There are many examples of this in our political sphere today, where it is frowned upon by the respective “bases” to even consider working with folks on the other side, often because of anger over past slights when the other side had more of the power. While there is no doubt it can take a lot more courage to end a fight than to start or continue one, it often is the only way forward. The success of getting past that history in Northern Ireland, while it took years of patience and hard work and is still in many ways a work in progress, should serve as an inspiration to all of us on this front.

  1. What’s So Funny About Peace, Love & Understanding—Elvis Costello (Nick Lowe originally)

This one goes with Zombie above, highlighting the timeless values for living in harmony with people from diverse backgrounds and viewpoints knowing that we never will always see eye to eye.

Recognizing there are times when this strategy clearly won’t work (when we are dealing with dangerous extremes, for example), it’s a pretty good place to start from as our standard way of looking at things.

 

Thanks for sticking with me so far, and stay tuned as the list continues early next week.

The Musical Wisdom Continues

Now that we’ve established in my opening post that the Rolling Stones classic, “You can’t always get what you want,” is the Raging Moderate anthem, it is time to start revealing the remainder of my top ten songs to kick off this blog.

As technology and other advances continue to make our world a lot smaller and faster, there of course are many benefits for our society. There are also a lot of new challenges that can easily push us towards the extremes if not carefully balanced, as these next two songs illuminate well.

 

  1. We Used to Wait—Arcade Fire

Easily the newest song on my list (and what a great band these guys already have become!), and one that speaks volumes about the huge changes in the manner and pace that we relate to each other today. There are obviously all kinds of benefits to the virtually instant means of communication we have at our fingertips today compared to the days of yore when we literally used to wait for letters and other communications to arrive. What this all means for the way we relate to each other, particularly for those who have grown up with this technology from the start, is far from certain though.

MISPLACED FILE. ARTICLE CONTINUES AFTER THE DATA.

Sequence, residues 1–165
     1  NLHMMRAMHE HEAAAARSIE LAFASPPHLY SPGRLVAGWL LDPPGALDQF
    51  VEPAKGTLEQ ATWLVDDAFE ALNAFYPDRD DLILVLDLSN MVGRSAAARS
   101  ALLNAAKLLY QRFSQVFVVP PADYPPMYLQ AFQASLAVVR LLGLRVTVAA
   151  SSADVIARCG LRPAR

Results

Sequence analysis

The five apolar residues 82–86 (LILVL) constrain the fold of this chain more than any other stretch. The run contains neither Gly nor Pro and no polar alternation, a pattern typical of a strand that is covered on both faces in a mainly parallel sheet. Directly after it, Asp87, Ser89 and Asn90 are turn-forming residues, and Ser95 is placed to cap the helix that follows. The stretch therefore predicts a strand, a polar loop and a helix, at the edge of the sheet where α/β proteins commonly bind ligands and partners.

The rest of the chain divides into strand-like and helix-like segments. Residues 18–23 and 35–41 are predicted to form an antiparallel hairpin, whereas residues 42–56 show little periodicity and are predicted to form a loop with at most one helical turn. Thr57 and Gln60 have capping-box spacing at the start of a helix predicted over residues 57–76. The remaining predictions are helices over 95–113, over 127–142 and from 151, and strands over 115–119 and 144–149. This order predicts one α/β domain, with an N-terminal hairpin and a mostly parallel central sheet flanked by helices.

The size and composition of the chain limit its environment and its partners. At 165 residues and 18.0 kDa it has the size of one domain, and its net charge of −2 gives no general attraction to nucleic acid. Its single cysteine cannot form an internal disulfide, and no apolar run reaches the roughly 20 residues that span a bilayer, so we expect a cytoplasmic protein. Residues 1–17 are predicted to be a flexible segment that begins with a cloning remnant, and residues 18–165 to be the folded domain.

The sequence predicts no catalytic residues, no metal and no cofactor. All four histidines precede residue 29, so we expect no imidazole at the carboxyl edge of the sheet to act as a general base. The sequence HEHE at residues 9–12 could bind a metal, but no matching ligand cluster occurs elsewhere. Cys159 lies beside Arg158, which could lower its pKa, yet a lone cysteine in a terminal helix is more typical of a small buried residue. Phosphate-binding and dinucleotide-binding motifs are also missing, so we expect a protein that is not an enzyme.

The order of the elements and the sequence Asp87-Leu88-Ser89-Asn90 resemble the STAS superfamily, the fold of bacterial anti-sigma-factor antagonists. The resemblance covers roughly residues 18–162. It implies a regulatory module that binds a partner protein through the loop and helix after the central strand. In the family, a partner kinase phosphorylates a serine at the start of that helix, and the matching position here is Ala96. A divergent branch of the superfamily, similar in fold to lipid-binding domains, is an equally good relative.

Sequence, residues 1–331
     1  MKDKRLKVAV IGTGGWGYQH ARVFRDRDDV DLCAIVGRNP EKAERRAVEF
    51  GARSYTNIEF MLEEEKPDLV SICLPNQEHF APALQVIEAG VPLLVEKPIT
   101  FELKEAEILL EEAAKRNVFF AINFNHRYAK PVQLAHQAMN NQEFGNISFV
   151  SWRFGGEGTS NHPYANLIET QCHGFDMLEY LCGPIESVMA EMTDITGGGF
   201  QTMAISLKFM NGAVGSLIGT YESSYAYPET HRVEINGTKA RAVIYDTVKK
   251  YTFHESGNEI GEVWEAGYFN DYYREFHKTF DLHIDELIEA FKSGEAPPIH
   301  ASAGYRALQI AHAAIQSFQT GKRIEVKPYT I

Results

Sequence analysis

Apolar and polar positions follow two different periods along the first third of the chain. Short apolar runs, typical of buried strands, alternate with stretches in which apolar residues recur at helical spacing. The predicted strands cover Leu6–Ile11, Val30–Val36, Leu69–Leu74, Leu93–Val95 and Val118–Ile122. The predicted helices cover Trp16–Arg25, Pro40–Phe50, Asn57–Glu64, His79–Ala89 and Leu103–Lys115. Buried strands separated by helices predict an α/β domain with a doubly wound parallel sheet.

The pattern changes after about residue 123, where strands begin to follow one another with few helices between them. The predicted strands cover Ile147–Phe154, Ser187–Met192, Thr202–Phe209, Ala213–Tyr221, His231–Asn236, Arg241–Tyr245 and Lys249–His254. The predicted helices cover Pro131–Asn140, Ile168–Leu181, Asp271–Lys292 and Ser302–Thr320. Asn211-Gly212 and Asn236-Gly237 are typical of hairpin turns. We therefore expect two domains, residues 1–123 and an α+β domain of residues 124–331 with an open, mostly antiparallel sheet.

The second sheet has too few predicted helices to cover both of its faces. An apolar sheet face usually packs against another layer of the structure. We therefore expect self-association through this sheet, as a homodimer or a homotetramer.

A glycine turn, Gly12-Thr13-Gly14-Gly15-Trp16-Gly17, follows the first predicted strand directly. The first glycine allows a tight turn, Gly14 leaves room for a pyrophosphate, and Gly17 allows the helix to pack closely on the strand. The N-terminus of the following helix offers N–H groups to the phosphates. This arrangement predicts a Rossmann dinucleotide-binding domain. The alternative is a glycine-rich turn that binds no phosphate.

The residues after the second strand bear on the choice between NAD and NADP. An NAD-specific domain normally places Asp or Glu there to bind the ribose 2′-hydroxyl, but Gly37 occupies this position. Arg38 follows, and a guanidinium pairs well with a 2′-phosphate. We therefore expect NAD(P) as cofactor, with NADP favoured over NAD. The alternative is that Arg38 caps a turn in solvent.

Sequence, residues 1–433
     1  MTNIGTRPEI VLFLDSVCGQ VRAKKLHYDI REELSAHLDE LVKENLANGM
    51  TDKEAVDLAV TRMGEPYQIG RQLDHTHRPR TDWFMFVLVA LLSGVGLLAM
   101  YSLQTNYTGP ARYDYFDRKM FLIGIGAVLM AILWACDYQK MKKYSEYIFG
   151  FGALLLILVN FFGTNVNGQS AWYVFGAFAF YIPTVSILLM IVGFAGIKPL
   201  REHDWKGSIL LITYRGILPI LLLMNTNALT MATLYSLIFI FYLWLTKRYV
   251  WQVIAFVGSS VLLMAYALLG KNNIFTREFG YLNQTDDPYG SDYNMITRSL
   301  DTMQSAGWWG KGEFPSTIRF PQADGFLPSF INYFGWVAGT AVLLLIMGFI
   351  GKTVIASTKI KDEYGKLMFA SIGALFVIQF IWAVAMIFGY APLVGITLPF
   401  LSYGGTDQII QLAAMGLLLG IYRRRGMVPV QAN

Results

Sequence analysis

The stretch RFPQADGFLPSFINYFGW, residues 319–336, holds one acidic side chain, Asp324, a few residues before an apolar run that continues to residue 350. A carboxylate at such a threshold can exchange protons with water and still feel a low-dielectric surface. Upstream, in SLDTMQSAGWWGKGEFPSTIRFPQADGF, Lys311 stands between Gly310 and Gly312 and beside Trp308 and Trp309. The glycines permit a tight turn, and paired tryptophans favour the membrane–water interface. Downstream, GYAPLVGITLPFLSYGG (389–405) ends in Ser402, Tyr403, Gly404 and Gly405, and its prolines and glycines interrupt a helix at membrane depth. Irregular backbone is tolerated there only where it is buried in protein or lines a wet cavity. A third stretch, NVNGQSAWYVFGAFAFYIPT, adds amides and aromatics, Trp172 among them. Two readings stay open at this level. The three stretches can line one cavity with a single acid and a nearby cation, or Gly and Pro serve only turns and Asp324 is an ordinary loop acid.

Being able to fire off a message to someone else on a moment’s notice is a great power to have in a time of emergency, but it also easily can lead to an ill-considered message that can literally live forever in ways that aren’t good for anyone.  And I think we’re seeing that quite a bit in our politics today (any politician come to mind there?).

In order to find common ground and get things done–not to mention to protect our own sanity–we need to be careful not to lose some of the virtues of the old world where we used to wait, like patience and reflective thought.

 

  1. Someone’s Looking at You—the Boomtown Rats

Bob Geldof may have been writing about what it’s like to be famous in the late 1970’s–and the absurd microscope our society puts celebrities under only has gotten more glaring since then–but his words ring true for all of us today. Technology has made it so we’re all increasingly being tracked in more ways than we’re even conscious of right now, and it’s a phenomenon that only gets bigger by the day. Smart phones, the Internet, the growing presence of security cameras, and similar technologies collectively can track most of our movements today.

In many ways all of this of course makes us safer and more efficient, and no one would suggest going back. But how we balance all of this with the right to privacy–and indeed how we define privacy at all in this new world–will be one of our biggest challenges as a society in the coming years. This may be the ultimate balancing act going forward, and we’re going to have to work especially hard to find that middle ground.

 

Thanks for reading so far, and stay tuned as the list continues tomorrow.